So, as these low temperature systems increase in popularity, Stelrad is keen to set the record straight when it comes to some of the misconceptions currently circulating about radiator sizing and compatibility versus the alternative options.

Radiators work in very different ways to alternative heating choices, but they do an as good or better job. We want to put the facts out there for installers and homeowners to choose for themselves without being bamboozled into thinking there is only one option.

RADIATORS VS UNDERFLOOR HEATING
Let’s Compare

EASIER
Easy to SPECIFY, FIT or REPLACE on any floor Customer and heating engineers have experience with radiators.
INSTALLATION
RESTRICTIVE
Retrospective installation and repairs mean access to pipes underneath laid flooring difficult and costly.
FASTER
Faster response time to heat up and cool down, aided by Thermostatic Radiator Valve’s (TRV’s).
HEAT UP TIMES
SLOWER
A slower heat up and cool down period. Multiple and thicker flooring choices affect the heat output.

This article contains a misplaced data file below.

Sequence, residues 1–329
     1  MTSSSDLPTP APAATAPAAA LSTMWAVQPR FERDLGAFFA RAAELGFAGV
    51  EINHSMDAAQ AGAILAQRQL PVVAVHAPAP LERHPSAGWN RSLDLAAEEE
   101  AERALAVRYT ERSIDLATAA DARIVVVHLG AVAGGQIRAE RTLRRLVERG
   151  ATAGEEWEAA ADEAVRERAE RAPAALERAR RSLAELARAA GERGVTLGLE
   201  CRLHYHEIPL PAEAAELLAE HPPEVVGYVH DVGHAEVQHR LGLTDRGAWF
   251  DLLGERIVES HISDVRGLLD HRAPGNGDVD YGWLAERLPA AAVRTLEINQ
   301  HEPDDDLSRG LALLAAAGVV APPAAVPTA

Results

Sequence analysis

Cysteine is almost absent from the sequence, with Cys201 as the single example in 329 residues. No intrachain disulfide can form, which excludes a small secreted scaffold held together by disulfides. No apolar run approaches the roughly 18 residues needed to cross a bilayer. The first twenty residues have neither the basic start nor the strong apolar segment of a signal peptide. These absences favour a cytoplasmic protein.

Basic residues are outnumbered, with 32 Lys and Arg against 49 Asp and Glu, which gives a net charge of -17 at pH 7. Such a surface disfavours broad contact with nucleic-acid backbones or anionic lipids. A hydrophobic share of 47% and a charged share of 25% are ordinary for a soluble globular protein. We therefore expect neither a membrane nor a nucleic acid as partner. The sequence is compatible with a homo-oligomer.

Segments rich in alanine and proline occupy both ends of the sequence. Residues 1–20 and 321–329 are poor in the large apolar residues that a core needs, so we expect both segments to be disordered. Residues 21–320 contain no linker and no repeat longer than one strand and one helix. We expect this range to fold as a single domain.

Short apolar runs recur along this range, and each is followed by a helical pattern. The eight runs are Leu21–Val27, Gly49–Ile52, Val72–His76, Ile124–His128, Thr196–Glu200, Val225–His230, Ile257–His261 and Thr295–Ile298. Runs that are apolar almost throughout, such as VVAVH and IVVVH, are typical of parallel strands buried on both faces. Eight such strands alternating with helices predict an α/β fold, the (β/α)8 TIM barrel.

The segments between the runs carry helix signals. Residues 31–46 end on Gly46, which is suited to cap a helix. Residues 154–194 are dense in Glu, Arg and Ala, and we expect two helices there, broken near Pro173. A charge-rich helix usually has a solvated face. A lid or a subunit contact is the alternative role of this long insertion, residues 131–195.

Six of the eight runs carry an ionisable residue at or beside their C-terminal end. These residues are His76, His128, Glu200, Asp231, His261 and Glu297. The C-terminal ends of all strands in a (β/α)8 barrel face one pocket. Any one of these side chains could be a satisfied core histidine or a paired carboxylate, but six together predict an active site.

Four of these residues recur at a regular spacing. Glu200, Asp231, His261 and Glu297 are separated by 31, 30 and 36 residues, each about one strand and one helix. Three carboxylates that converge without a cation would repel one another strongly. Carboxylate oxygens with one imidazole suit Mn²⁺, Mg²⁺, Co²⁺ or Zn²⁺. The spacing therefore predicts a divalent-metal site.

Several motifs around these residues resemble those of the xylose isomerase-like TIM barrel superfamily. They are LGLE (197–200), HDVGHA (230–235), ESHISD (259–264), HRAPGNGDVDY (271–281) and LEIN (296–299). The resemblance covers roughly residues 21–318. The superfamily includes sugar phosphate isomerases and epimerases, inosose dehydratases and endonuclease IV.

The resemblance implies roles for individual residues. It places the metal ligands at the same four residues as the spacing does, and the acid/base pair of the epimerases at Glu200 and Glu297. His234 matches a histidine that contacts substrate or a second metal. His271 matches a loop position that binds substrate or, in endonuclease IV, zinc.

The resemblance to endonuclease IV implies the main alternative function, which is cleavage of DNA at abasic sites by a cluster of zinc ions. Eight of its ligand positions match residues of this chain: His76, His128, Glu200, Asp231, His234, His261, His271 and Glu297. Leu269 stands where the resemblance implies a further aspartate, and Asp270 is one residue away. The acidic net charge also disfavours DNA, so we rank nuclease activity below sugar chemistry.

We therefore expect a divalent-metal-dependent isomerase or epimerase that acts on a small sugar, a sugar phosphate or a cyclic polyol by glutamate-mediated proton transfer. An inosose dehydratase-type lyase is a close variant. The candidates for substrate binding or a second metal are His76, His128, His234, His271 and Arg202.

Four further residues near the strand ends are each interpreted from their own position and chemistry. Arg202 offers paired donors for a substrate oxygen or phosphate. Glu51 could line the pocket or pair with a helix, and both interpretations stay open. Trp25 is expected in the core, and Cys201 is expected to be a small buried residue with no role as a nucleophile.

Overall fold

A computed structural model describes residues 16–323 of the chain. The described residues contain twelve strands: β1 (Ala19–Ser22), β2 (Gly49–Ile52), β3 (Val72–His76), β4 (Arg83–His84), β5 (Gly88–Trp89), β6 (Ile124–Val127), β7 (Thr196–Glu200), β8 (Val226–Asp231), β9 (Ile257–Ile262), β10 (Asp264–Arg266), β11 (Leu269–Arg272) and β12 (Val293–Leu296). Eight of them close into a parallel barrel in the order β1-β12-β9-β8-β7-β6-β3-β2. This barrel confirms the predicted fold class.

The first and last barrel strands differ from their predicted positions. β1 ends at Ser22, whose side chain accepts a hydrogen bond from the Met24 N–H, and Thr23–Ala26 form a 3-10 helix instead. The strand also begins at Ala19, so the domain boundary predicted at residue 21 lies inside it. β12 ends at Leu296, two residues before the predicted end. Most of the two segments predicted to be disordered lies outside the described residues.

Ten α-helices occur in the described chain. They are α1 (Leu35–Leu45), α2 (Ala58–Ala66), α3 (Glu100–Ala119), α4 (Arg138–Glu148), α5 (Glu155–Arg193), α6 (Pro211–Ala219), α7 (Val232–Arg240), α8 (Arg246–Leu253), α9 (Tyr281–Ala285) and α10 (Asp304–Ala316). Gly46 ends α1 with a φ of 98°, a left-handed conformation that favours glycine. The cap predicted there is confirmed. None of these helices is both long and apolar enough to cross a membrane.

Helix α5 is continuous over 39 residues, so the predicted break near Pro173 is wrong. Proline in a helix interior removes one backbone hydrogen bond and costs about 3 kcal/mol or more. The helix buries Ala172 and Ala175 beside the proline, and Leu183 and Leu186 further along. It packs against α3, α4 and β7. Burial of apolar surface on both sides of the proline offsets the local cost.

Vast Range
Faster response time to heat up and cool down, aided by Thermostatic Radiator Valve’s (TRV’s).
DESIGN
NOT VISIBLE
Not visible in a room. No focal point

All radiators should be sized correctly for the rooms they are installed in – that has always been the case – and Stelrad offer a free radiator heat loss calculator to help you calculate what you need.

BTU (British Thermal Unit)
Heat Loss Calculator
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You will require larger radiators for a renewable, low temperature system than you would for a traditional boiler driven heating system because the water flow temperature in the system is lower. Vertical radiators or one of our increasingly popular K3 radiators – with three panels and three fins – with the same radiator footprint for a room as a current K2 radiator, but with 50% additional metal surface to provide increased heat levels are great solutions in these cases.